Do you know about the biggest volcanic eruption earth? Well, the largest volcanic eruption was the Toba volcano that erupted in India around 75000 years ago. The eruption was so massive that it threw nearly 1,000 times as much rock as the eruption of Mt St Helens in 1980. The fall-out was so dangerous, it led to a decade-long “volcanic winter” due to the amount of ash in the sky and caused a millennial-long glacial period. This eruption is said to have caused the death of millions of organisms over the planet, with only a few thousand human survivors.
But new reports have claimed that the consequences of the eruption were not so tremendous as earlier reported and certainly didn’t leave humans on the border of extermination.
Recently, an ancient stone tool industry, discovered in northern-India, at a place called Dhaba, proposes that humans lived in the Middle Son Valley for almost 80,000 years, which points to their existence both before and after the catastrophe.
The tools were found even after the Toba eruption, which suggests that people in Dhaba were using stone tools that were comparable to the tools being used by Homo sapiens in Africa at the same time. The survival of the tools suggests that that humans indeed survived the catastrophe.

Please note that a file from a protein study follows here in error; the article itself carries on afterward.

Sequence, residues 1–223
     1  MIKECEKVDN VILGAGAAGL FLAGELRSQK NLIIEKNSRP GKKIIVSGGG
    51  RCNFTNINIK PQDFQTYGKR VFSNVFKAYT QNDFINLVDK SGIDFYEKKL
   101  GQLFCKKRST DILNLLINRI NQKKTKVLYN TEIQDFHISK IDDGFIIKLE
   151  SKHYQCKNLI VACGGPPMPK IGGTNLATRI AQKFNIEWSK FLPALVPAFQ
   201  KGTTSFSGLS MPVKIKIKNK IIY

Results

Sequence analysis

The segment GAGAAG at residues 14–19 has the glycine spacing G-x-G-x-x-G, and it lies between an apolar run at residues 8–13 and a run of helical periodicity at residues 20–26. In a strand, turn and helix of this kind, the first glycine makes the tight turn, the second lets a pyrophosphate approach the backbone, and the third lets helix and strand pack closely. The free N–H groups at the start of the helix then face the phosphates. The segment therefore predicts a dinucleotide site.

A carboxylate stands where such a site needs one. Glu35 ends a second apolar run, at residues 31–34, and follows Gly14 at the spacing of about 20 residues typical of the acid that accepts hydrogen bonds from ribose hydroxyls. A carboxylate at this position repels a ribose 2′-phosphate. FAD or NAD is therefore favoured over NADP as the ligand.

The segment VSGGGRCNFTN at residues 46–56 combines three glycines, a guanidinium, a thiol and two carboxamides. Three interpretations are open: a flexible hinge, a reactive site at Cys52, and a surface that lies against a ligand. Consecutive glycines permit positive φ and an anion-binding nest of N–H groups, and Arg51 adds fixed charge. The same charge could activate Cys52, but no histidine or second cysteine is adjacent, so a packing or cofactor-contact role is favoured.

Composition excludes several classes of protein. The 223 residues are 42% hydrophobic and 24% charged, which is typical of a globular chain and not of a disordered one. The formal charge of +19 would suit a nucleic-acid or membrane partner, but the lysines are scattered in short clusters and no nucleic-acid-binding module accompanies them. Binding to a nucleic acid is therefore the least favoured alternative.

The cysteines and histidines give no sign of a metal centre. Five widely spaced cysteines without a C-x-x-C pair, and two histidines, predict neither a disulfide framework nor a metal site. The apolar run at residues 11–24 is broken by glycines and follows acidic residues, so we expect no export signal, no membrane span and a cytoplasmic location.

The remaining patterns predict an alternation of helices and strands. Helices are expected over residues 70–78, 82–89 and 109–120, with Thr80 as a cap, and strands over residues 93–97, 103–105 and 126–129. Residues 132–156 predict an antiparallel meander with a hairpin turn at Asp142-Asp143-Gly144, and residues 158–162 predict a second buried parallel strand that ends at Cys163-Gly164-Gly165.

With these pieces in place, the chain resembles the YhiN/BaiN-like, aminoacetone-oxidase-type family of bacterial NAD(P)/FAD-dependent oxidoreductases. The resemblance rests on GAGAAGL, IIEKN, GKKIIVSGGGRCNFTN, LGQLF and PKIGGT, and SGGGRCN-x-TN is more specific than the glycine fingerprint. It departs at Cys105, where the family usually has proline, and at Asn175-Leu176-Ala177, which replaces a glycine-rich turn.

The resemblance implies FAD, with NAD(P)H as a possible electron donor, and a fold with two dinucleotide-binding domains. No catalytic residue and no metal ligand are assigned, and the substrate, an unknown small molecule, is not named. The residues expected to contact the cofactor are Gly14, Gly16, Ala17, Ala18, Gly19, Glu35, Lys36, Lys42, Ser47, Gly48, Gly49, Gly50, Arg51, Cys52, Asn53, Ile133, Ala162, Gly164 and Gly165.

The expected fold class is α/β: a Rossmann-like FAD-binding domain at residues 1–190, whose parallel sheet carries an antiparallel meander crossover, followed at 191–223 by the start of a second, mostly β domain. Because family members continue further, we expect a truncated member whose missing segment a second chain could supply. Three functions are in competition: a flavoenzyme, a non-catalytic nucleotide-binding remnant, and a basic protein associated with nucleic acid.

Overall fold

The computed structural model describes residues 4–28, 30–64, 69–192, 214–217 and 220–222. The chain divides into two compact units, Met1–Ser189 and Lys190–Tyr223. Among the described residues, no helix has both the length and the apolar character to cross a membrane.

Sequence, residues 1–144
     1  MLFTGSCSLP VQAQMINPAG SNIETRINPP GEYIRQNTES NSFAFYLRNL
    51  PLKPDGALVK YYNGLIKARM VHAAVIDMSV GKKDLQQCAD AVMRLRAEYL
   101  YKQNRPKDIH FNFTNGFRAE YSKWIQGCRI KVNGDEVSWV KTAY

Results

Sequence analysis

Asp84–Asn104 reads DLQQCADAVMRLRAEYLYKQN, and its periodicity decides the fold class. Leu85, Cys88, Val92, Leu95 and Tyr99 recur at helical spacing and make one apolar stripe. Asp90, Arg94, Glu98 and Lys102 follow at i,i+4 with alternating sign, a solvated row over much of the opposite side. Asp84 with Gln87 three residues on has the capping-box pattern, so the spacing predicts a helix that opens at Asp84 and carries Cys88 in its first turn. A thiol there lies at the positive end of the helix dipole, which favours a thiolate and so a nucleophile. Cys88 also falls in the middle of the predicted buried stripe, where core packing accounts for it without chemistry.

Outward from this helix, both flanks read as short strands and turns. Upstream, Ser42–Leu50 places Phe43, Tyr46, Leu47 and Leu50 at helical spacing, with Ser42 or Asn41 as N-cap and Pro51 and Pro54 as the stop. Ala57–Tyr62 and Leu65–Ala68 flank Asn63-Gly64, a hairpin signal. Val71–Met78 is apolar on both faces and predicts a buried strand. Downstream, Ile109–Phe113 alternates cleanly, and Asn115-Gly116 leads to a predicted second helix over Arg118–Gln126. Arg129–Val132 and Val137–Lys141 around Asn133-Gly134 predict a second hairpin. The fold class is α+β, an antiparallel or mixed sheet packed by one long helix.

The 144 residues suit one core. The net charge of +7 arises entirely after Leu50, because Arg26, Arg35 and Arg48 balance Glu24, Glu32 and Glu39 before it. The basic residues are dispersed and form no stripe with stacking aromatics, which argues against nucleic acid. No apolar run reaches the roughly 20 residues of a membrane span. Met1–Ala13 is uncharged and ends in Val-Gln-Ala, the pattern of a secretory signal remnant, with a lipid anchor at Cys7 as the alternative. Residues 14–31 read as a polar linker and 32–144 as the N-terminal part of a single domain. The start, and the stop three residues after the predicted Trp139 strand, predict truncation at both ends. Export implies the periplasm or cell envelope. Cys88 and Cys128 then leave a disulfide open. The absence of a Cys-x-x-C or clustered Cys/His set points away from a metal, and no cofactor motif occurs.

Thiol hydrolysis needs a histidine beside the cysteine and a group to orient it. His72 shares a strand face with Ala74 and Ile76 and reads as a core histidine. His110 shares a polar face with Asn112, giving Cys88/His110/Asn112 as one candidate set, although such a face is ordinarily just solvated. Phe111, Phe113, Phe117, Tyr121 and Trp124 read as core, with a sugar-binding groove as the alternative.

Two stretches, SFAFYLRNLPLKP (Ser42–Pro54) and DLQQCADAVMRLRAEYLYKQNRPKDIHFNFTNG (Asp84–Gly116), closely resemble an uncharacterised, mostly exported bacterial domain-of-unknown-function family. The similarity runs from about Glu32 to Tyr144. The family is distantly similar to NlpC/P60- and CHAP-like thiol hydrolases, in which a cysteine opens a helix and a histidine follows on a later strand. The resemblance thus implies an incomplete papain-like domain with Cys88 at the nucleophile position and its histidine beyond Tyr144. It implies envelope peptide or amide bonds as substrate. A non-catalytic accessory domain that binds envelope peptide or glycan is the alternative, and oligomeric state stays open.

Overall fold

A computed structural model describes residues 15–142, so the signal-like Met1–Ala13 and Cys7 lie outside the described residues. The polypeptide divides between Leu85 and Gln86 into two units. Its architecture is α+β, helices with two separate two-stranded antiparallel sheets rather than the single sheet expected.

The Toba Volcano catastrophe theory is based on the fact that at that period of time, there was a severe drop in the genetic diversity of humans.
But through the years, the theory has been losing ground due to various revelations. The very first of which was in 2007, where stone tools found in southern India proposed the Toba eruption did not lead to extreme glacial climates. Another evidence of the same was found in 2018, where fossil evidence from South Africa suggested the impression that humans made it through the eruption.
While scientists agree that there was indeed a drop in the genetic diversity, their theory is based on the founder’s effect, which presumes that the loss in diversity was a result of humans spreading across Eurasia and branching off into smaller and smaller groups, which caused genetic diversity may dwindle.
A large part of the tools found in Dhaba resembles the African and Arabian methods from the Stone Age. Some of the tools were also found to be similar to that of the early humans in Australia.
The tools are unmistakably human-made, connecting the lines of early repositioning of humans from Africa to southeast Asia and then on to the great southland.